Case-cooled bulbs. Case-cooled bulbs require six weeks of cooling followed by 17 weeks of greenhouse forcing to flower in time for Easter. Be sure that commercially case-cooled bulbs arrive and are planted by Dec. 11, 2011. If you cool your own bulbs, start the cooling process as soon as bulbs arrive, but no later than Oct. 30, 2011 (23 weeks before Easter).

Insurance lighting. Insurance lighting should not be needed this year. However, 1 week of insurance lighting can be substituted for 1 week of bulb chilling if the full 6 weeks of cooling is not achieved on schedule.

Fertilization. Start fertilizing using a 15-0-15 or comparable formulation when lilies emerge. If phosphorus was not added to the growing medium, 20-10-20 can be used on an alternating basis with a 15-0-15. Fertilizer rates should range from 200-400 parts per million. Do not allow the medium electrical conductivity to exceed 3-3.5 mmho/centimeter (saturated media extract). Stop fertilizing 1 week prior to sale. Provide one clear watering before shipping lilies. This reduces salt levels in the growing medium and maximizes keeping quality. Do not withhold water or fertilizer to slow development. Do not over water (i.e. water too frequently) or root rot problems may occur.

Leaf yellowing, flower senescence. To prevent early-season leaf yellowing (7 to 10 days before visible bud) and mid-season leaf yellowing (7 to 10 days after visible bud) apply a Fascination spray at 10/10 ppm. (Note: Fascination contains two active ingredients and recommendations include the concentration of each). Apply Fascination to only the lower leaves and cover thoroughly. To prevent late-season leaf yellowing and post-harvest flower senescence, spray 100/100 ppm to thoroughly cover all foliage and buds. Apply when the buds are 3-3½ inches long, but not more than 14 days before shipping or cooling. Fascination protects leaves from yellowing for up to 14 days. Avoid direct contact of spray to immature leaves during early- and mid-season applications or increased stem stretch will result.

Uneven Easter lily growth can occur when hanging baskets shade the plants.

Disease control. Before planting, clean bulbs of debris removing any damaged scales, especially scales that show evidence of infection. Once potted, root rots associated with Rhizoctonia, Fusarium and Pythium are a concern.

Drench immediately with a broad-spectrum fungicide (i.e., Banrot or Insignia), or treat to control these diseases separately by selecting fungicides specifically registered for Rhizoctonia, Fusarium and Pythium control on lily. Materials registered for Rhizoctonia and/or Fusarium include 26GT, 26/36, Contrast (Rhizoctonia) and Terraclor WP (Rhizoctonia). Materials registered for controlling Pythium include Alude, Banol, Subdue Maxx and Truban.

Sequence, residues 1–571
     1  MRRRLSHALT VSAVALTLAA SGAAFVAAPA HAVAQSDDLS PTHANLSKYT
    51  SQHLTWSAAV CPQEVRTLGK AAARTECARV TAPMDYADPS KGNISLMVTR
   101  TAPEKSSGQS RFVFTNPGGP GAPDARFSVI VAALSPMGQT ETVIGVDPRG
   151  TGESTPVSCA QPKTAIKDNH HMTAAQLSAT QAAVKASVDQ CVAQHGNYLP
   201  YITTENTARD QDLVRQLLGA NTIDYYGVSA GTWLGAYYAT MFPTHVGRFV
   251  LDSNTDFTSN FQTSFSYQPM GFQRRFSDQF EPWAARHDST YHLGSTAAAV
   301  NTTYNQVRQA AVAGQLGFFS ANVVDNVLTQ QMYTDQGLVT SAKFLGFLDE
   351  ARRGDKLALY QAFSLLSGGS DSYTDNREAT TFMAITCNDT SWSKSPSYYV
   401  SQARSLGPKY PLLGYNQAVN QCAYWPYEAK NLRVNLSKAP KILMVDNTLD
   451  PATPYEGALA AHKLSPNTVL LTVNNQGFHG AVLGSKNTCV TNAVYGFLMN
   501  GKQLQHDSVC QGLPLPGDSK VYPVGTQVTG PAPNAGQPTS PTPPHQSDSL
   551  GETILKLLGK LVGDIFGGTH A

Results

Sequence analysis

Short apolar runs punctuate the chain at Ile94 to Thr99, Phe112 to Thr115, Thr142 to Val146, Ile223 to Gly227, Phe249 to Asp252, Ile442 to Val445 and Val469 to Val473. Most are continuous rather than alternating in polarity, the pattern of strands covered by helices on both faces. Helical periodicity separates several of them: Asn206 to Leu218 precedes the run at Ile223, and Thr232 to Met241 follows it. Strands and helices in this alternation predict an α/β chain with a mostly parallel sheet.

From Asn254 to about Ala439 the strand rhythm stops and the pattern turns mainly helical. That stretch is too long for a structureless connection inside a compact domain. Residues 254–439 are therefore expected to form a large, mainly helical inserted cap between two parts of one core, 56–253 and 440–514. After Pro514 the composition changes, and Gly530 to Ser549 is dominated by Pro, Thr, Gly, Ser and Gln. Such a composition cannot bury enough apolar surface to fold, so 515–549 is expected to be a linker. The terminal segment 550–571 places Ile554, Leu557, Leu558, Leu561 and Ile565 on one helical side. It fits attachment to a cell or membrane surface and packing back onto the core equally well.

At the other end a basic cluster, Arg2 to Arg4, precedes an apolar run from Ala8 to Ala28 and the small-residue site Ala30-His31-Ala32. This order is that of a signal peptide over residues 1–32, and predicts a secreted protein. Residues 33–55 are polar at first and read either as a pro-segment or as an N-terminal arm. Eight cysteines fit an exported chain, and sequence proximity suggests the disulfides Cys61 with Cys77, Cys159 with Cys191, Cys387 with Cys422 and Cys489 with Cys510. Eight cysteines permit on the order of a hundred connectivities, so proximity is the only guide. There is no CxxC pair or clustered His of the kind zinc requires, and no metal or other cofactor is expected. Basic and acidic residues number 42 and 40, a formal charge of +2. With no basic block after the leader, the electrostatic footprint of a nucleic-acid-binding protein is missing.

Check with manufacturers regarding compatibility when tank mixing fungicides. Fungicides may also need to be re-applied later in the crop, check labels for guidance.

Preventive biological fungicides (RootShield, CEASE, Actinovate, Mycostop or Companion) may also be applied for disease suppression and to enhance root growth. Check with company or product label information on time intervals between application of biological fungicides and traditional fungicides.

Pest control. Aphids, fungus gnats and bulb mites are major concerns. Use only aerosols once plants are in bud. Many chemicals are listed for aphid control, including, Safari, Flagship, Tristar, Marathon, DuraGuard, Distance, Enstar AQ, Preclude TR, Tame, UltraPure Oil, Insecticidal Soap, Talstar and Endeavor. Fungus gnats can be controlled with many of these same chemicals as well as Citation, Adept, insect parasitic nematodes (Nemasys, NemaShield, Scanmask) and Gnatrol.

Bulb mites (Rhizoglyphus robini) represent one of the more troublesome insect pests on lilies and effective management requires an integrated approach. Bulb mites are considered a secondary pest and are commonly associated with decay caused by fungus gnat damage and soil-borne fungal pathogens. To best manage bulb mites, sort out diseased and damaged bulbs before planting, handle the bulbs gently and monitor and control fungus gnats. Duraguard is labeled as a drench for soil-borne organisms that may include bulb mites.

Registration of pesticides varies by state so consult and follow labels for registered uses. To avoid any potential phytotoxicity or residue problems, spot test first before widespread use.

Height control. Monitor lily height regularly during forcing. If height exceeds the target size, run negative DIF to slow stem elongation. If height is less than the target size, run positive DIF to increase stem elongation. Equal day/night temperatures, high night/low day temperatures or a cool morning temperature dip will keep lilies short.

Apply A-Rest, Chlormequat E-Pro, Concise, Cycocel, Topflor or Sumagic as needed when shoots are 3-5 inches tall. Split applications provide the best results. Any of the PGRs can be applied at ¼ to ½ the normal rate as needed to control height. Reduce the concentration of Sumagic used when combined with DIF.

Plant storage. Easter lilies can be stored for up to 14 days in the dark at 35°F-45°F when buds turn white but before they open. Spray for Botrytis control prior to moving lilies to cold storage. Materials registered for Botrytis control on lilies include 26GT, 26/36, Daconil, Exotherm Termil, Sextant, and Protect DF. Follow label directions.

Water Easter lilies thoroughly before starting cold storage. After removing from the cooler, place lilies in a shaded location to avoid excessive wilting.